Family-centered approach improves communication and care in ICU
A nationwide hospital program developed to support families visiting loved ones in the intensive care unit (ICU) has significant benefits for families, patients, and team members in the ICU, shows a new study. As reported in a supplement to the September issue of CHEST, the peer-reviewed journal of the American College of Chest Physicians (ACCP), implementation of the Critical Care Family Assistance Program (CCFAP) significantly increased family satisfaction with communication with ICU team members and care of their loved one; decreased family stress; decreased patient anxiety; and increased staff communication and collaboration across hospital departments.
"Research shows that families are not entirely satisfied with their treatment within an ICU while a family member is under care, which can cause unnecessary stress and anxiety for both the family and patient. Yet, it is clear that addressing family needs in the ICU contributes to families' overall satisfaction with ICU care," said coauthor of the study D. Robert McCaffree, MD, Master FCCP, President of The CHEST Foundation and Chief of Staff, Oklahoma Medical Center, VA Medical Center, Oklahoma City, OK. "The Critical Care Family Assistance Program is the first replicable nationwide ICU program structured with the needs of both the patient and family in mind."
Developed by The CHEST Foundation, the CCFAP aims to improve family satisfaction with ICU communication and care by utilizing a multidisciplinary team of professionals who are dedicated to fostering an ICU environment where families feel well informed, comfortable, and safe. CCFAP teams at Evanston Hospital, Evanston, IL, and the VA Medical Center, Oklahoma City, OK, collected satisfaction data from 537 families of loved ones in the ICU and hospital staff prior to, and after, the implementation of the CCFAP. Surveys measured family stress level, family need for specific services, family satisfaction with ICU team communication and care regarding their loved one, and family satisfaction with their own treatment and care by the ICU team. Staff surveys measured changes in staff perception of ICU climate, family satisfaction with care and communication, family stress levels, and program impact on their work environment.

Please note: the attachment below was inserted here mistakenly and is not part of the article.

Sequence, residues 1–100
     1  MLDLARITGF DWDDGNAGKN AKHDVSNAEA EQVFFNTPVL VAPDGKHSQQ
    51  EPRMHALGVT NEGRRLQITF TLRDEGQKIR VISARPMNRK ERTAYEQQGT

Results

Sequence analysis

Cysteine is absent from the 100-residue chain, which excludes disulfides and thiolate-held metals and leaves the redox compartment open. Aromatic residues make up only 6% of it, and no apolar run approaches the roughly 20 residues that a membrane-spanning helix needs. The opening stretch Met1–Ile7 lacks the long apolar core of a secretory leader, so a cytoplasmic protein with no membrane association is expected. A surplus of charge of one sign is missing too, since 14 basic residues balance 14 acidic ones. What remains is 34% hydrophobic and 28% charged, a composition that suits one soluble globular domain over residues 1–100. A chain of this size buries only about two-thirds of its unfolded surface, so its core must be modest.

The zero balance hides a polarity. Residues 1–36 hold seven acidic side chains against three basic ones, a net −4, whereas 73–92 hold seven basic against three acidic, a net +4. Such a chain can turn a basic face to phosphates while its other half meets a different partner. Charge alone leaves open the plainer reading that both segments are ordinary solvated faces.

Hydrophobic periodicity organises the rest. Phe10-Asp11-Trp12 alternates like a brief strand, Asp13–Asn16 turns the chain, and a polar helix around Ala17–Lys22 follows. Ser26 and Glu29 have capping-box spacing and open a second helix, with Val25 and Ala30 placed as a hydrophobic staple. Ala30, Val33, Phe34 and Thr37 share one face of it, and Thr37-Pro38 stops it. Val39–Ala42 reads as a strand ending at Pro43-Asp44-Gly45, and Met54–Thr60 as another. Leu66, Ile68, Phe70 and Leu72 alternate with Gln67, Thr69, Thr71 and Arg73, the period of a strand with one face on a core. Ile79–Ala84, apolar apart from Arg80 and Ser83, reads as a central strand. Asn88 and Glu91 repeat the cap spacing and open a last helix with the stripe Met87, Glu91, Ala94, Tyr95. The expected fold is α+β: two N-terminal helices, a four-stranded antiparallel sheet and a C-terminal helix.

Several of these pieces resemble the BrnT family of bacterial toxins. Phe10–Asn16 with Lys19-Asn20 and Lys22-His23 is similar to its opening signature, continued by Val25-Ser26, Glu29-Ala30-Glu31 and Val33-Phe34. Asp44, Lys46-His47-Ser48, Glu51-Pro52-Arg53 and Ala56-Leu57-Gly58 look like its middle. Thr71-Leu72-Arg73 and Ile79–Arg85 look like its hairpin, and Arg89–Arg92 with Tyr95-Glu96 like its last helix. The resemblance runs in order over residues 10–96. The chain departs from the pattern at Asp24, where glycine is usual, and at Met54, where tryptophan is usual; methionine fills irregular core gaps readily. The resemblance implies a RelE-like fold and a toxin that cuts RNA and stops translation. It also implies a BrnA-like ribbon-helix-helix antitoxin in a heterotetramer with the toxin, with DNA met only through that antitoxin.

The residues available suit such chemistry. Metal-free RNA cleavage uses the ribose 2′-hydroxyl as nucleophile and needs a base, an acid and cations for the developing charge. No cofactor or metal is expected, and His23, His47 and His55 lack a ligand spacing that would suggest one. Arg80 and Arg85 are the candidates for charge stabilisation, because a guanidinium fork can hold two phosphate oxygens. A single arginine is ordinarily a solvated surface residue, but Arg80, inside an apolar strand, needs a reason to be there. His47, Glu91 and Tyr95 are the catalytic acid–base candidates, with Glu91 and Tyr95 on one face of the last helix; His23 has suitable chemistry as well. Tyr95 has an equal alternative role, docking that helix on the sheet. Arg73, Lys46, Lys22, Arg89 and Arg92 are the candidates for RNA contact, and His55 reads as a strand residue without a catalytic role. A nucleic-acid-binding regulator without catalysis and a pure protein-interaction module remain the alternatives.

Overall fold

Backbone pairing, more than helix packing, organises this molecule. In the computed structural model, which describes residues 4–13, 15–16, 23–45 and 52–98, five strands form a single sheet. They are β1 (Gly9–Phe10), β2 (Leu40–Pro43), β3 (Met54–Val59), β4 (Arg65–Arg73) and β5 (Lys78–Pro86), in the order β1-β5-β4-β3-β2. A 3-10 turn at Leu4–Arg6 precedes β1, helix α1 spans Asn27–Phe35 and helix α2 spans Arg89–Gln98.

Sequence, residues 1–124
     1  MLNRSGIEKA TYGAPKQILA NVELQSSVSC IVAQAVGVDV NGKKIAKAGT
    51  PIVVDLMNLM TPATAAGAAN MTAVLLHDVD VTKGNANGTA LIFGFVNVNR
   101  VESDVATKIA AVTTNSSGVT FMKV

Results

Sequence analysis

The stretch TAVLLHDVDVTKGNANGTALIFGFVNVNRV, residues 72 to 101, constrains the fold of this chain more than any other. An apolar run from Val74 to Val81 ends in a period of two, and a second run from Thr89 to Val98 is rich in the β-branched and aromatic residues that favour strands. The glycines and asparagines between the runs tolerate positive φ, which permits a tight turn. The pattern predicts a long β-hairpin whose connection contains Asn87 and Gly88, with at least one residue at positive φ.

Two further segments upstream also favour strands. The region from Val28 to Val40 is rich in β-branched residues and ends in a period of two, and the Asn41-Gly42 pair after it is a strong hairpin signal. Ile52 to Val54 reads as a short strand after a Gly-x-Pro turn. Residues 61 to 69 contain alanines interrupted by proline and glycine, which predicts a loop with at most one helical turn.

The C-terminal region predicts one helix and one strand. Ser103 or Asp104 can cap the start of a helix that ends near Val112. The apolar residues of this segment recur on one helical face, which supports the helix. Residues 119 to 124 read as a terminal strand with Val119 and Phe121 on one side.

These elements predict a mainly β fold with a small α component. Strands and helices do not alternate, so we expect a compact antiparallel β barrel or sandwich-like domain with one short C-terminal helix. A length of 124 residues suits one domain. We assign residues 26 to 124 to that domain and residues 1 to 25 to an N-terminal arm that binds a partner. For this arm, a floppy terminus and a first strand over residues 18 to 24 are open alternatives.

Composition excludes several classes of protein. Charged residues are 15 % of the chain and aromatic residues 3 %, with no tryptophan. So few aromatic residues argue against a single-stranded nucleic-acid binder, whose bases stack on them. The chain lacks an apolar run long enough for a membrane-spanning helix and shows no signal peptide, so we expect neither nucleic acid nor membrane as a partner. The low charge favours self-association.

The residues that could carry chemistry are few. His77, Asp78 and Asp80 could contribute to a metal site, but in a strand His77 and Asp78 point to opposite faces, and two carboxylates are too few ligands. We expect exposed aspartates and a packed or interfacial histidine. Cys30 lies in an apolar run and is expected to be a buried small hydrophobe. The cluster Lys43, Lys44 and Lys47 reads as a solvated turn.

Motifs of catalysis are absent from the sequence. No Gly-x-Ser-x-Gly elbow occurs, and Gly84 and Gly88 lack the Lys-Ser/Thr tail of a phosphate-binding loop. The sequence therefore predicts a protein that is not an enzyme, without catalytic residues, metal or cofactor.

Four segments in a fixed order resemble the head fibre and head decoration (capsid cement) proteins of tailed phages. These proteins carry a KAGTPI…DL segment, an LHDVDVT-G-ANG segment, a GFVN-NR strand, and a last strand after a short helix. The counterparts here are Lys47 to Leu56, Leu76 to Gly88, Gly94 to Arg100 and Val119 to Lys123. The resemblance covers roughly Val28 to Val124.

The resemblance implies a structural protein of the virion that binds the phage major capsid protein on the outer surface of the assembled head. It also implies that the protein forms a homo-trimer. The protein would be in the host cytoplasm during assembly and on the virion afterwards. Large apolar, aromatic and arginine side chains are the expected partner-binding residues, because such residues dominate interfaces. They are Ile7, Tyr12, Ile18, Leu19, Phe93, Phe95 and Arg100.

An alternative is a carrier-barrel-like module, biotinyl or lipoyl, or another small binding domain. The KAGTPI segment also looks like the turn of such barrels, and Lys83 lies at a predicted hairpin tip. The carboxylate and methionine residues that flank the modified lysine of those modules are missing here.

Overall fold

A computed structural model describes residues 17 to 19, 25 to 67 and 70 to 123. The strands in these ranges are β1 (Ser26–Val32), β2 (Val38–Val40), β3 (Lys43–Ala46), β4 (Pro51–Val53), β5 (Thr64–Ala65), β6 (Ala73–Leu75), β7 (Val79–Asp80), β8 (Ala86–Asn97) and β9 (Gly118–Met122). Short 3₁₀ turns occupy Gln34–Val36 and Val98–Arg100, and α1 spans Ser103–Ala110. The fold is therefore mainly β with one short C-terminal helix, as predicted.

Significant increases were seen in the areas of family satisfaction related to care and treatment of their loved one; family perception of safe hospital environment; improved comprehension of information provided to families; and decreased patient anxiety. The most profound impact was on the degree to which families felt they were involved in the decision-making process. In addition, results showed significant decreases in family members' stress/anxiety level when they received CCFAP information or services. In regard to staff, results showed that there were significant increases in staff identification and referrals of families in need of services; staff perception of positive change in family satisfaction of communication, care, and treatment; collaboration among ICU team members and hospital departments; and the ability of hospital to respond to family needs.
"The Critical Care Family Assistance Program has allowed us to increase the level of service we provide for our ICU patients and their families. As a result, we have had an overwhelming positive response from families, patients, and hospital team members," said Raymond Grady, President and CEO of Evanston Hospital. "The success of the CCFAP at Evanston has encouraged us to consider expanding the family assistance program to other areas of the hospital."
The CHEST Foundation, the philanthropic arm of the ACCP, provided funding for implementation of the CCFAP in eight sites across the country. Although specific amenities vary from site to site, hospitals that have implemented the CCFAP offer family members hospitality and support services, educational resources, and adapt technology and the ICU physical environment to make them more family-focused. The CCFAP can be implemented in any hospital with an ICU and varying models of care, including government-run institutions, community hospitals, community teaching hospitals, rural hospitals, inner city hospitals, urban hospitals, academic medical centers, and pediatric hospitals. Due to the overwhelming success of the program, The CHEST Foundation developed the CCFAP CD-ROM interactive toolkit so that many more institutions could have access to the program information, enabling them to replicate the program and implement the initiatives on their own.
"The ICU is often an intense and overwhelming place for patients and their families. By addressing the needs of both the patient and the family, hospitals can create a trusting and supportive environment where families are recognized as an integral part of patient care and recovery," said Paul A. Kvale, MD, FCCP, President of the American College of Chest Physicians.
Source: Eurekalert & othersLast reviewed: By John M. Grohol, Psy.D. on 21 Feb 2009
Published on PsychCentral.com. All rights reserved.
Fall seven times, stand up eight.
~ Japanese Proverb